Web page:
So, you want to be surveyor? This is what you’ll need:
- good at mathematics
- good organisational skills
- able to work neatly and accurately
- good health and good eyesight (may be corrected)
- able to work independently or as part of a team.
What is surveying?
Surveyors assemble and assess land and geographic information which is used for planning and regulation of the land, the sea and related structures.
Surveyors may perform the following tasks:
- work out the size and shape of an area of land
- work out the position of boundaries of public or private land
- compile and evaluate data and interpret codes of practice
- study the natural and social environment, measure land and marine resources and use the data in planning development in urban, rural and regional areas
- plan, develop and redevelop urban or rural property, land and buildings
- plan, measure and manage construction works
- produce plans, maps, files, charts and reports.
Surveyors may work in related fields such as photogrammetry, geographic information systems or remote sensing and as project managers or financial advisers. After spending some years in the field, they often become managers.
How do I become a surveyor?
To become a surveyor you usually have to study surveying or spatial science at university. To get into these courses you usually need to pass your QCE. Prerequisite subjects, or assumed knowledge, in one or more of English and mathematics B are normally required. The various universities have different prerequisites and some have flexible entry requirements or offer external study. Contact the universities you are interested in for more information as requirements may change.
Graduates may be eligible for membership of the Institution of Surveyors, Australia and the Institution of Engineering and Mining Surveyors, Australia. Full membership requires completion of a recognised degree and experience in the field.
Graduates must be registered by the Surveyors Board of Queensland to practise as a surveyor. Completion of a relevant degree, practical experience and demonstration of competence through technical projects or further study is required for registration. To practise as a cadastral surveyor you need to be specially licensed.
All states and territories of Australia and New Zealand have mutual recognition arrangements whereby registration as a surveyor in any one area automatically allows for registration anywhere else in these zones, on payment of the appropriate fees and provided minimum statutory requirements are met.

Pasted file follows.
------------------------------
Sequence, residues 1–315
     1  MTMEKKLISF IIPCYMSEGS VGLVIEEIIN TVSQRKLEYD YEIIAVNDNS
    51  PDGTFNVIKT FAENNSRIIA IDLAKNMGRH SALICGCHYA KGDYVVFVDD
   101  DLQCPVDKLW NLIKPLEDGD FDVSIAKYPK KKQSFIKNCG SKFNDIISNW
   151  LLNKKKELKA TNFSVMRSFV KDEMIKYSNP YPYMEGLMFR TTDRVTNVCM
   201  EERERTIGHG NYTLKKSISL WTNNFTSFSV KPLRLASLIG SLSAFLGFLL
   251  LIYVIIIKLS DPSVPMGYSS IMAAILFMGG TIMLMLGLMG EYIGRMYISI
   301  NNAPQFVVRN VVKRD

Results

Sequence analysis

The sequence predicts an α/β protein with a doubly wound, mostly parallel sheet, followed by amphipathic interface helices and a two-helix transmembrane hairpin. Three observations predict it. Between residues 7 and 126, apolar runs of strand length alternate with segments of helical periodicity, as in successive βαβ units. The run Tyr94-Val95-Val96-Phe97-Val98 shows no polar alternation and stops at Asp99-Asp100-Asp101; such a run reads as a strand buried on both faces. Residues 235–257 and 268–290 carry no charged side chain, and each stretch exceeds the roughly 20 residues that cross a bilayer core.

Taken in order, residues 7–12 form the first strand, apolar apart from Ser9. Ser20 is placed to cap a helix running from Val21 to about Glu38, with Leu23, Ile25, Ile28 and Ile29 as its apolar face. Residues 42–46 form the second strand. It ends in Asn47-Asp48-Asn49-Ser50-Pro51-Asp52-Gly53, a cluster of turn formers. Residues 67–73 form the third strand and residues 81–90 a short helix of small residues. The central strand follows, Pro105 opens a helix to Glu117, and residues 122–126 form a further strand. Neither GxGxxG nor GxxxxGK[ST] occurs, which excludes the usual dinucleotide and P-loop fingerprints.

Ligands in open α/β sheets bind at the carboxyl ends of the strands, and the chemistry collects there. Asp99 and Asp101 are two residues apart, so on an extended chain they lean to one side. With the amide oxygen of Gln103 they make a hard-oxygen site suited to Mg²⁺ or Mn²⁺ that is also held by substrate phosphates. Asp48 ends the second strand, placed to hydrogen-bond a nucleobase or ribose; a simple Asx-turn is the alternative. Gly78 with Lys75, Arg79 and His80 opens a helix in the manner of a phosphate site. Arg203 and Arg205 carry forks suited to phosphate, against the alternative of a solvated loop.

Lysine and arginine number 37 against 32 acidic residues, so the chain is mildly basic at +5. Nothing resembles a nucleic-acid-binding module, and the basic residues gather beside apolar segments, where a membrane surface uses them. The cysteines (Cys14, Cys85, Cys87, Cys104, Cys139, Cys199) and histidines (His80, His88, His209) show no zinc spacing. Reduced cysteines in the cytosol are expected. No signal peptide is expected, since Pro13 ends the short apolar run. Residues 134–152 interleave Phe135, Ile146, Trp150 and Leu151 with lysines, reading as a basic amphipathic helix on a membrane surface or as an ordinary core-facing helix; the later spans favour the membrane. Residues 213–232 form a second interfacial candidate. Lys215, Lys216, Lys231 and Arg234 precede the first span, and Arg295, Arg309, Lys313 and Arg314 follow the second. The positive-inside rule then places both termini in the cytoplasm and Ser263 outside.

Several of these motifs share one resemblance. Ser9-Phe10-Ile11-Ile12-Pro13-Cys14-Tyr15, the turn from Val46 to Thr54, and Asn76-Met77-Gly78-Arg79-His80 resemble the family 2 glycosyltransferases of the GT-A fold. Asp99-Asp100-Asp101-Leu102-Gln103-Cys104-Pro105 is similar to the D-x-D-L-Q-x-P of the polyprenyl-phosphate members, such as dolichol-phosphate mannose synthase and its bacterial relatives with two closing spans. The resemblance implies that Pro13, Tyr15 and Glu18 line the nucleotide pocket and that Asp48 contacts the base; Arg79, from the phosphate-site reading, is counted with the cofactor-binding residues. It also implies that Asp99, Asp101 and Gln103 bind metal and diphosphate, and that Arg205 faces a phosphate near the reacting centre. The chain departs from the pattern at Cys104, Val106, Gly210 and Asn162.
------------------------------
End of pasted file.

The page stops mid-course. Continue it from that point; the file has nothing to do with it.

You may also want to specialise in one of the many areas of surveying, including:
A cadastral/land surveyor marks property boundaries and records the information on plans and maps. They must be licensed to do this work, since the plans they make provide the basis for legal transactions of land parcels.
An engineering surveyor surveys routes for railways, roads, pipelines, canals, sewers and tunnels and makes detailed surveys of construction sites, dam sites, multistorey buildings and other engineering projects.
A geodetic surveyor uses signals from satellites such as the global positioning system (GPS), star observations, precise levelling and electronic distance measurements to locate positions accurately on the earth's surface for global mapping, and to monitor movements of the earth's crust.
A mine surveyor measures underground and open-cut mines in detail. Their surveys help mining organisations locate new mines safely, avoiding older mines, and allow connections to be made between different underground passages. Mine surveyors also establish the boundaries of mining claims in some states and territories.
Remote Sensing Surveyor
A remote sensing surveyor uses digital data from high-resolution satellites and airborne imagery systems to monitor changes in the surface features of the Earth.
A topographic surveyor provides information for the compilation of maps of physical features of the earth's surface, such as hills, valleys, rivers and lakes, by making field measurements and taking aerial photographs.
They work on, above or below the surface of the land or sea, and often work with other professionals.
Surveyors may spend a lot of time working outdoors. They also work in offices, analysing data and preparing plans and reports